He’s a compelling advocate of the need for ancient traditions of active intervention in wild landscape to continue, in contrast to the vast fields of intensive agriculture. Rebanks makes the case for working with nature to ensure the continuing richness of biodiversity and habitats themselves enriched by millennia of human interaction. This is especially true for adapting wilder, marginal areas to productivity, achievable only by acting on the advice of ecologists and environmentalists – which often simply means a return to traditional farming ways. He delights in the biodiversity that returns when such farming practice reverts closer to the pre-agrochemical days of our grandfathers, unlocking the natural symbiotic productivity of the land.
Humankind has worked these fells for millennia, since we first turned from nomadic herding to settled farmsteads. The new-found fashion for rewilding must be balanced with productivity and livelihoods in wild areas, the quest for biodiversity be acknowledged to rest on the age-old grazing habits of sheep and cattle hefted to our fells and moors. There is a role for humans to play in the ordering of Nature (and we do respond to the pleasing order of those dry stone walls marching across the lonely fells), but it is as guardians and stewards, not as pillagers. We must tread lightly, work with the grain of Nature, not against it.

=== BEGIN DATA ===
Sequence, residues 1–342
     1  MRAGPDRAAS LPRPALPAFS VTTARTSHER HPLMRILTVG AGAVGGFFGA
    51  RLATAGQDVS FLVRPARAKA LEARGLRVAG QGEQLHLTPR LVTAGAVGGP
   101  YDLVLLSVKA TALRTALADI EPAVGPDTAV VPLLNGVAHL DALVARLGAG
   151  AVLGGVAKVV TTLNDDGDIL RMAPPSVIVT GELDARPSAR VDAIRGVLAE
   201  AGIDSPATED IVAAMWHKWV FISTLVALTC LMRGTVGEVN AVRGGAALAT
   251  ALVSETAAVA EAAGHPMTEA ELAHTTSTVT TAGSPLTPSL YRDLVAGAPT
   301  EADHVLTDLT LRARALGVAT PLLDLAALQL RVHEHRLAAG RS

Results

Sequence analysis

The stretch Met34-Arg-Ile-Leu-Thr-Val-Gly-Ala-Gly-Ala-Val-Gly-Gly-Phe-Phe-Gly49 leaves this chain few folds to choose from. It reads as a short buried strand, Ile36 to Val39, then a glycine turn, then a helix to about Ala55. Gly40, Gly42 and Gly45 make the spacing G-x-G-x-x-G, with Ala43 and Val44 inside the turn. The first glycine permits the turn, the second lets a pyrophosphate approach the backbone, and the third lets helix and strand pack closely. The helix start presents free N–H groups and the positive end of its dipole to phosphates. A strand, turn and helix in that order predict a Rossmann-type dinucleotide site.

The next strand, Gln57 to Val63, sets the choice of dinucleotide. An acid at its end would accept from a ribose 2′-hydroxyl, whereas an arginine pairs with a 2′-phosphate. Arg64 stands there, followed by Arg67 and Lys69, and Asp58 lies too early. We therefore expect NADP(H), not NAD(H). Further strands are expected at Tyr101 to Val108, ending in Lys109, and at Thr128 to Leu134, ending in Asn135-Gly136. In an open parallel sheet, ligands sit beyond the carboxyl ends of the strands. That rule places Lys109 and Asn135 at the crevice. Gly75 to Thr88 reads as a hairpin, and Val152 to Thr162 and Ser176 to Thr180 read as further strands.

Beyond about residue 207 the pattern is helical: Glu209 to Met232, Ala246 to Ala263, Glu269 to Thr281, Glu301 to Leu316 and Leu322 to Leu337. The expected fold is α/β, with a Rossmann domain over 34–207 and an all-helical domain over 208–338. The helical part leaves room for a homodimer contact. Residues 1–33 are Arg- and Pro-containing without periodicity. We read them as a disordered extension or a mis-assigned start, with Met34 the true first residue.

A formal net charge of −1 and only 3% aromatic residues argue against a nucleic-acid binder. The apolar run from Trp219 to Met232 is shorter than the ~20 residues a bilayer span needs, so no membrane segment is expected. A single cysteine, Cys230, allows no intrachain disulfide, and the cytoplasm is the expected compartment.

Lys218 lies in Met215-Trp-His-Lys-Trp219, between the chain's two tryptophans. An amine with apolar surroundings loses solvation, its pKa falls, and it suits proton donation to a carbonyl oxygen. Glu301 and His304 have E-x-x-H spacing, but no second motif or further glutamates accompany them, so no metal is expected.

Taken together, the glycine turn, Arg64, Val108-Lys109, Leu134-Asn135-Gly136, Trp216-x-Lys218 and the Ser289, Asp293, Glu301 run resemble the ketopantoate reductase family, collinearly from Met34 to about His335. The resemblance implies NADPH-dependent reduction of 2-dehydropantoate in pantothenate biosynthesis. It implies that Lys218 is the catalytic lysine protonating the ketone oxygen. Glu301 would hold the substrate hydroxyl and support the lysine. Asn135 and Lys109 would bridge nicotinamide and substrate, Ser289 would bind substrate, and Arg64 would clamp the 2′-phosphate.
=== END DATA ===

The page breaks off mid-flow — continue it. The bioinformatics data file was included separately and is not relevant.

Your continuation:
The drystone walls of Swaledale
I had English Pastoral about my mind the day we drove over Beggarmans Pass and into Langstrothdale, to drive along the Wharfe as it chuckles over the stones below Cowside, hiding on the slope above behind its stand of sycamore trees. It’s 10 years since Landmark rescued this typical example of a Dales farmstead, left stranded when the way of life became too marginal for its last farmer, left off-mains and off-grid. Our instinct that it deserved to be rescued was vindicated as Cowside’s history was teased back to the 1680s, and still more when we discovered rare 17th-century wall paintings beneath flaking limewash in the ancient parlour.
Yet at the time this too was another conservation conundrum. The creeping tide of conversion of old buildings to holiday homes in the Dales is also controversial: could Cowside have housed another generation of another farming family instead?